(Part One of a depressingly short series about Nottingham bands who made it)
Obviously, you can't begin to talk about the Trent Tempo without mentioning Paper Lace. Formed in the late 60s, they were quite happy to play in pubs in town for the next four years, until they appeared on Opportunity Knocks, smashed it five weeks running (no mean feat, considering that people actually had to vote by post, in those pre-mobile days), and ended up at No.1 in May 1974. The first time I ever heard the word 'Nottingham' uttered on the telly was when they were the lead story on Midlands Today, cruising past the Broadmarsh Centre in a black open-top limo waving a silver disc about.
Billy, Don't Be A Hero should have been No.1 in America an'all, but some teef bwoy called Bo Donaldson nicked it. Ne'er mind, as follow-up The Night Chicago Died made it. One more Top 20 hit (The Black-Eyed Boys) and they were out - only to return three years later to record We've Got The Whole World In Our Hands with the 1977-78 Forest squad (before they'd even won anything - that team was so lairy).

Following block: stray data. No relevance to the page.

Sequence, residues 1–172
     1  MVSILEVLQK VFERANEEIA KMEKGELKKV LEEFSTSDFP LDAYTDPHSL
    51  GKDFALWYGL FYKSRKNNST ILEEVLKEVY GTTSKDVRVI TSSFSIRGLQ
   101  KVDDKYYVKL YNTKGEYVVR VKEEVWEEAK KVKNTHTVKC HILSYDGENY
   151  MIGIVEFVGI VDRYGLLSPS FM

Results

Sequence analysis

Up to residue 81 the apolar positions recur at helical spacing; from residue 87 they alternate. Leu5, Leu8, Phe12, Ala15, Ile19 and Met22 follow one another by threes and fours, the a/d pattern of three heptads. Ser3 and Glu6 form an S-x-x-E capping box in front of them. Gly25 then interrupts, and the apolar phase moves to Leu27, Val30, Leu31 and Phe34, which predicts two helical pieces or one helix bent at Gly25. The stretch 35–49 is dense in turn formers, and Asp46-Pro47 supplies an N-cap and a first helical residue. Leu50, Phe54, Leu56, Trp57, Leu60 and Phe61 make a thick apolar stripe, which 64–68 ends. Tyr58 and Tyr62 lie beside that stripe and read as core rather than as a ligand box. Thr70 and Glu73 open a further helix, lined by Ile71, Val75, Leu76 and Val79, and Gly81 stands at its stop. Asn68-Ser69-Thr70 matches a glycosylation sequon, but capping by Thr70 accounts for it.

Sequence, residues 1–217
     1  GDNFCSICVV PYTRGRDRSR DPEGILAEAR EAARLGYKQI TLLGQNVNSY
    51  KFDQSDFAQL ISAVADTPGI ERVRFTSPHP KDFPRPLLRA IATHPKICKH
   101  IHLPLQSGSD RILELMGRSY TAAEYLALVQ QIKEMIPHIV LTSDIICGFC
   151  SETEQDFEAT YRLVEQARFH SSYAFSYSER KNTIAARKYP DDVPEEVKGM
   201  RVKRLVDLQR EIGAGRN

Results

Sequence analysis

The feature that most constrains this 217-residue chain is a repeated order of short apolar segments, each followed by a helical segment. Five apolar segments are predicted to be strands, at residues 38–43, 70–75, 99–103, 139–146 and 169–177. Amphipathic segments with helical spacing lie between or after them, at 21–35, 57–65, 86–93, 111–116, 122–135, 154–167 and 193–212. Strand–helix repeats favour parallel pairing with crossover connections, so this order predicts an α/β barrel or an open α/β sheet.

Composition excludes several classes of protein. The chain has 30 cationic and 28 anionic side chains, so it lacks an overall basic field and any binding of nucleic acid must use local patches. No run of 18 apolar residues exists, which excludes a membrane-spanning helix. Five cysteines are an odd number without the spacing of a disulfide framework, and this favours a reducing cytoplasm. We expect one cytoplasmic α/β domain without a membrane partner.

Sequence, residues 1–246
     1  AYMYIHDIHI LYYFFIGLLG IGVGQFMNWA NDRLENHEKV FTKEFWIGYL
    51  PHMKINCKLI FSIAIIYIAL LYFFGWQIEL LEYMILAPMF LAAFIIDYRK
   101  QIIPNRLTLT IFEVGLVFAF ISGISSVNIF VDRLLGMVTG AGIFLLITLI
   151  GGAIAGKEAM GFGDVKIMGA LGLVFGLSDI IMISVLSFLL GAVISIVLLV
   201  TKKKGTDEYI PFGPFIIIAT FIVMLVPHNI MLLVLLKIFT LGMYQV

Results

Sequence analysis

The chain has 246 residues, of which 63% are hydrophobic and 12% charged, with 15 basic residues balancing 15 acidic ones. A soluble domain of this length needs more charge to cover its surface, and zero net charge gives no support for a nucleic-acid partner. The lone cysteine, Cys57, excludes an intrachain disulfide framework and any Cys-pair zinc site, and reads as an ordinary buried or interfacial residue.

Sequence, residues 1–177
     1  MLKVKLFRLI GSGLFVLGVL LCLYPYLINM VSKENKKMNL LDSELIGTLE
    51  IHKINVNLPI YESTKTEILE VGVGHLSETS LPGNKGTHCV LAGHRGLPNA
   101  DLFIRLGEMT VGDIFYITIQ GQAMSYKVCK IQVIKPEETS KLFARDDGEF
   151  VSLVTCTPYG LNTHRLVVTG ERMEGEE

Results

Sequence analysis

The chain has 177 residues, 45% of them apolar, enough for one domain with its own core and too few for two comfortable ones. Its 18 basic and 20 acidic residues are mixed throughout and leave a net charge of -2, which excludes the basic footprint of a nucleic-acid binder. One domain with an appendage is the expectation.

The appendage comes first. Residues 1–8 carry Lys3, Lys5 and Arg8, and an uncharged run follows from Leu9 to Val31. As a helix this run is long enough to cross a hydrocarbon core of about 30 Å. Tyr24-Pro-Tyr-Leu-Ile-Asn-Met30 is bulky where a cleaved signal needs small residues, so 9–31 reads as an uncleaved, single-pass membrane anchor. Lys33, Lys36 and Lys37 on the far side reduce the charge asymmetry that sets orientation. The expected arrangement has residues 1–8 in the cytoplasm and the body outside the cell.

I interviewed Phil Wright (the drummer and lead singer) for LeftLion a while back. He's now a builder, and seemed amused that we were interested in talking to him. He was dead nice.
(and if you're still confused about the meaning of the word 'dezzeh', check the sucky youth behind Tony Blackburn at the beginning of that video)
Paper Lace - The Night Chicago Died (MP3)